Republican Norm Coleman and Democrat Amy Klobuchar say the Senate will probably add one or two things to the plan already agreed to by the White House and the U.S. House.
Coleman, for example, said more unemployment benefits will be added. But "if it goes beyond that, it becomes a Christmas tree," Coleman said. "Then you run the risk of a veto, then the whole thing falls apart."
President Bush also talked a lot about Iraq.
Coleman said he wished the president would have talked more about the vision of the U.S. military having an advisory role by the end of this year. And Klobuchar didn't like the lack of specifics.
"If we really want to transition to Iraqi authority and have them get their act together, we can't send the message the president is sending, that we'll be there indefinitely," noted Klobuchar.
But both senators agreed there is a danger with bringing too many troops out of Iraq too quickly.
As for the prospect of Congress getting much done in an election year, Coleman isn't optimistic. He said immigration and Social Security won't get addressed, as the president called on Congress to do.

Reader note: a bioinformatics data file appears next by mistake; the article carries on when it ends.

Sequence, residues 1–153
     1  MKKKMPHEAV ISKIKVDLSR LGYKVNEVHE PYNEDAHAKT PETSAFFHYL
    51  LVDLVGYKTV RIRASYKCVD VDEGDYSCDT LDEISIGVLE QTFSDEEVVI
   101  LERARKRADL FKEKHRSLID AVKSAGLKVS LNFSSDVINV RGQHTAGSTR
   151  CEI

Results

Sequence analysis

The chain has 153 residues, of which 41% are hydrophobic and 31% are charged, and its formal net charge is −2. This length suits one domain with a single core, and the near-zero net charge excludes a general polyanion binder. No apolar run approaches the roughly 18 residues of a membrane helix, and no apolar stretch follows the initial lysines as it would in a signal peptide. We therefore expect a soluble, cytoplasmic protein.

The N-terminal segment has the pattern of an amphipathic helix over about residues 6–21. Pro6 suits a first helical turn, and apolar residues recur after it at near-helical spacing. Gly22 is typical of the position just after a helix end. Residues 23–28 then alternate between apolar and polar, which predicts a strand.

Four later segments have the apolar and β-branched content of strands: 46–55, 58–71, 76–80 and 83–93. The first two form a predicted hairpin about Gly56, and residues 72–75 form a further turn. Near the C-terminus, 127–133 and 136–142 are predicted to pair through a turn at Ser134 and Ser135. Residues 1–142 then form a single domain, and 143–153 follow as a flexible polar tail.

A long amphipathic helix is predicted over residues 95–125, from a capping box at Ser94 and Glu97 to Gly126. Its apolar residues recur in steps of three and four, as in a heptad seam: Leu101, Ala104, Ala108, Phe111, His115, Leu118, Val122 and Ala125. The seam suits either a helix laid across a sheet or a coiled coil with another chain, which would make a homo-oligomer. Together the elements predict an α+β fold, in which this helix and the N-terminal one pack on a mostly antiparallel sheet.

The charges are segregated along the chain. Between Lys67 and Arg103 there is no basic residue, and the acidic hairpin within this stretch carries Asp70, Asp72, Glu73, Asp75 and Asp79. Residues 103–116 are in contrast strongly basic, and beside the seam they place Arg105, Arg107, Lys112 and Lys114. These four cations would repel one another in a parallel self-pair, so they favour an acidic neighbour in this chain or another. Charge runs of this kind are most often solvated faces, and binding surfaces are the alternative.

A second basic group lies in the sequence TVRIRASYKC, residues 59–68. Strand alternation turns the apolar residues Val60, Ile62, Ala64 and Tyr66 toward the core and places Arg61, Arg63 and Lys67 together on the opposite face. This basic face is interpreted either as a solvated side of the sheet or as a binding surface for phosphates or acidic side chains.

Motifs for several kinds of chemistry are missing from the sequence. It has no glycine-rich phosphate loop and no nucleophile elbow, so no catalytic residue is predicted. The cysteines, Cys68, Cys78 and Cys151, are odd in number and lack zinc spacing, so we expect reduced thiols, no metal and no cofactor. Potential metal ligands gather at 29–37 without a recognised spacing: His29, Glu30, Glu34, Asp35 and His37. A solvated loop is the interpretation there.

Klobuchar said she wished that were different.
"A lot of people are saying, 'Wait for a new president to address some of these issues,' but we can't afford to wait," she said.
Some Minnesota lawmakers were more blunt in their reaction to the speech.
"I'm pleased that this was President Bush's last State of the Union speech," said DFL Rep. Tim Walz. "The American people are demanding change in Washington's priorities and while the Congress has made some progress, the president has been a consistent roadblock."
Republican Rep. Jim Ramstad said, "Although the State of the Union address contained no surprises, the president correctly emphasized our nation's priorities of stimulating the economy and job growth, while protecting the American people from the threat of terrorism."